Staunton, September 7 – Despite the Russian government’s reluctance to talk about the genocide its tsarist predecessors committed against the Circassians in 1864, a new pamphlet prepared for guides for the Olympiad next year specified that the Circassians are “the indigenous population” of Sochi and that Sochi and many nearby names are Circassian words.
In his “Olympic Names of Sochi” (in Russian), which has been published in 1500 copies, Igor Sizov, a journalist there, says that everyone should remember that “the majority of geographic names in Sochi have arisen as a result of a mixingof lnguages, customs and cultural traditions of various peoples.”
“The terms ‘Sochi,’ ‘Laura,’ and ‘Fisht,’” for example, were given by “representatives of the Circassian tribes of the Abaza, Ubykhs, and Shapsugs.” The name ‘Adler’ “appeared thanks to a mixing of words from Circassian and Turkish.” “’Kranaya Polyana,’ ‘Veseloye,’ ‘Kazachiy Brod’ are Russian.” And the place name ‘Rosa Khutor’ has “Estonian roots.”
Sizov told Russian news agencies that a a native of the city, he had grown up with stories about the ethnic diversity of the names of the Sochi region, but in compiling his book, he drew on the works of some of the best onomasticians working there, including Kasim Meretkuov, Vladimir Vorozhilov and Grigory Chuchmay (spb.itar-tass.com/c20/862541.html).
In the introduction to his pamphlet, Sizov says that representatives of 102 nationalities now livein Sochi but that the Circassians “are considered the indigenous population.” They were followed by the Turks in the 16th century and by Russians, Belarusians, Moldovans, Ukrainians, Estonians, and Greeks in the 19th. Most left their mark in the placenames of the region.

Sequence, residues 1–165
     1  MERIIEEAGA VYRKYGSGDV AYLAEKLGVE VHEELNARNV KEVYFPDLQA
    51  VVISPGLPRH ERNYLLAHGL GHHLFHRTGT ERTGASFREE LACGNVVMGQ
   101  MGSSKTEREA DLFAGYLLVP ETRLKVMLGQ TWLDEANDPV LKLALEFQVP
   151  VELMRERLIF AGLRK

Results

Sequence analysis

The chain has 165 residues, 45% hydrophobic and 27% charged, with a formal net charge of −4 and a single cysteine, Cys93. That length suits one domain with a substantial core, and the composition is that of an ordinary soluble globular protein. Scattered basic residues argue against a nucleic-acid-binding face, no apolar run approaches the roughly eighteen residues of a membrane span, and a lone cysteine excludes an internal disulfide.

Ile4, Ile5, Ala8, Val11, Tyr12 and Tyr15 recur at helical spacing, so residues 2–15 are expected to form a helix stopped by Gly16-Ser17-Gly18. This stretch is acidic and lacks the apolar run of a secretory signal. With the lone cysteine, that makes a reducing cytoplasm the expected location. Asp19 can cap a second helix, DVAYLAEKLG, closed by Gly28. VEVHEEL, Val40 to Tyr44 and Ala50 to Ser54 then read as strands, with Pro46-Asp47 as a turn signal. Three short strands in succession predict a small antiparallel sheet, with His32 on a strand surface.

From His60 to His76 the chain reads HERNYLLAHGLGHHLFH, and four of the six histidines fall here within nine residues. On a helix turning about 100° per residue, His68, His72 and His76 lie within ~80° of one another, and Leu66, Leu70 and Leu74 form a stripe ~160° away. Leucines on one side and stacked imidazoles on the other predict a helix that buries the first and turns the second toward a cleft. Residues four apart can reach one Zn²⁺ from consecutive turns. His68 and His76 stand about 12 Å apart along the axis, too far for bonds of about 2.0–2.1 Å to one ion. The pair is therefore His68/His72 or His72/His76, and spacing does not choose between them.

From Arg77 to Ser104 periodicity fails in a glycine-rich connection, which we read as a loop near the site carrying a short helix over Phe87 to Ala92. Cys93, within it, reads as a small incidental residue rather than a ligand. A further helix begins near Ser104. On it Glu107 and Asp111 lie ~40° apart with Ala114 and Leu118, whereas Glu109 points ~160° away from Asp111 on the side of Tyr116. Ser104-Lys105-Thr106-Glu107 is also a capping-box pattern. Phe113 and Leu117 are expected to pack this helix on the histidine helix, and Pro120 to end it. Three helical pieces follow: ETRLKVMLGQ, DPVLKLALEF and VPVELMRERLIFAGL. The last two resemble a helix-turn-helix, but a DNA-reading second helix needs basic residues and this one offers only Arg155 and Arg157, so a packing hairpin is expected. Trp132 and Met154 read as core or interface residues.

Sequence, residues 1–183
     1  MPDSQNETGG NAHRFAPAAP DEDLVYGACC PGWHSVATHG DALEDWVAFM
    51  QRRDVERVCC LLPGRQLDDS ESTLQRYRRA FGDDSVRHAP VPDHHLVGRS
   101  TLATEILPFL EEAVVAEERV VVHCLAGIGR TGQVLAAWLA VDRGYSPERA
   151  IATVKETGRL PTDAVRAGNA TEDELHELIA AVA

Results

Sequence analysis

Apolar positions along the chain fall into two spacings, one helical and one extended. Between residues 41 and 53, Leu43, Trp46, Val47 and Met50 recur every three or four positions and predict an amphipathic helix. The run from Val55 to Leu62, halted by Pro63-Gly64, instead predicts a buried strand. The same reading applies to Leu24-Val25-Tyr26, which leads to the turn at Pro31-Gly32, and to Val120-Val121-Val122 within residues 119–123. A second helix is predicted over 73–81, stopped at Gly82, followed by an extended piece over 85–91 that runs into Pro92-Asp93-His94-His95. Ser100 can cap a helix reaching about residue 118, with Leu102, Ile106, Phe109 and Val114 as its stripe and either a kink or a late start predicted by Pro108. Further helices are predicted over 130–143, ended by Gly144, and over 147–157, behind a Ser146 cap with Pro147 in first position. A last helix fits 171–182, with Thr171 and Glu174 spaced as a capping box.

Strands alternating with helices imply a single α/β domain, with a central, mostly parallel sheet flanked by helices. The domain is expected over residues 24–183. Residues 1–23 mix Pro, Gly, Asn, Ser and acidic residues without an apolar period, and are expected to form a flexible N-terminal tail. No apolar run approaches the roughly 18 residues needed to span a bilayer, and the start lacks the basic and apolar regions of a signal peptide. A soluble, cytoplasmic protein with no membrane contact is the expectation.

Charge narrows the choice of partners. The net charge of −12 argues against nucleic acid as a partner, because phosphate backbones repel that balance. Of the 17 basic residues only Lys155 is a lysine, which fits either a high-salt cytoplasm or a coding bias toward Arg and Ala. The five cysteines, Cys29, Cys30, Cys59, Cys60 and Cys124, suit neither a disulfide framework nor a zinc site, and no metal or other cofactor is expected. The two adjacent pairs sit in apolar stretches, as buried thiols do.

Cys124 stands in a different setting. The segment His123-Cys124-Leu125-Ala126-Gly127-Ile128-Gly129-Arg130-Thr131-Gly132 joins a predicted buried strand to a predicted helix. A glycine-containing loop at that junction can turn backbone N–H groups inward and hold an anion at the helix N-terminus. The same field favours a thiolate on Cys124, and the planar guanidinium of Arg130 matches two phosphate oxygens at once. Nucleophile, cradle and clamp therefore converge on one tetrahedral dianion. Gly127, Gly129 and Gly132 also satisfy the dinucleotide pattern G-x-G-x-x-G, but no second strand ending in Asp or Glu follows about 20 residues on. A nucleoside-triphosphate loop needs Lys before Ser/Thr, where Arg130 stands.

Sizov divides his booklet into two parts. In the first, he provides a detailed discussion of the history of the names of some of the sites most closely connected with the Sochi Olympiad. In the second, he gives briefer background information on 17 other, less prominent places that visitors may nonetheless encounter and could be expected to ask about.
The name “Sochi” itself, he says, is unquestionably Circassian and specifically Ubykh, one of that nation’s subgroups. In Ubykh, the word means “the family group which lives near the sea.” Sizov dismisses an alternative explanation that it comes from another Circassian term for the river because the etymology is wrong: that river has no branches as the name would suggest.
“Krasnaya Polyana” is a purely Russian term, Sizov continues, but it wasn’t given to the place by Russians but rather by Greeks who sought asylum from persecution in the Ottoman Empire and, having acquired some Russian, called their village by the Russian words for beautiful field.
The main Olympic stadium in Sochi is called Fisht, a Circassian word that in translation means “White Head” and refers to a snow-capped mountain that the Circassians in medieval times viewed as sacred. Adler of Adler Arena comes from a combination of Ubykh and Turkish, not from German as some think.
One of the most interesting ethnic backgrounds of a name in the region is that of “Roza Khutor” where several Olympic competitions will take place. It has nothing to do with colors but rather with Estonians: It was named for one of their number who settled there in an oak grove in the 19th century and who was visited by the great Estonian writer Anton Tammsaare.
And yet another intriguing name is “Laura.” Despite the assumption of many that it is of Russian origin and was the daughter or wife of some Russian commander during the Caucasan wars, in it fact “has Circassian roots” and comes from the name of an Abaza prince who livedin the area.
Among the 17 brief entries, most are of Circassian origin as well, Sizov says, including Aibga, Akhun, Akh-Tsu, Achipse, Matsesta, Mzymta, Psekhako, Chvizheptse, and Chugush. Others are of Moldovan, Cossack or Russian origin. As for the Black Sea, he adds, that too is Russian but has less to do with color and with its waters being rough.
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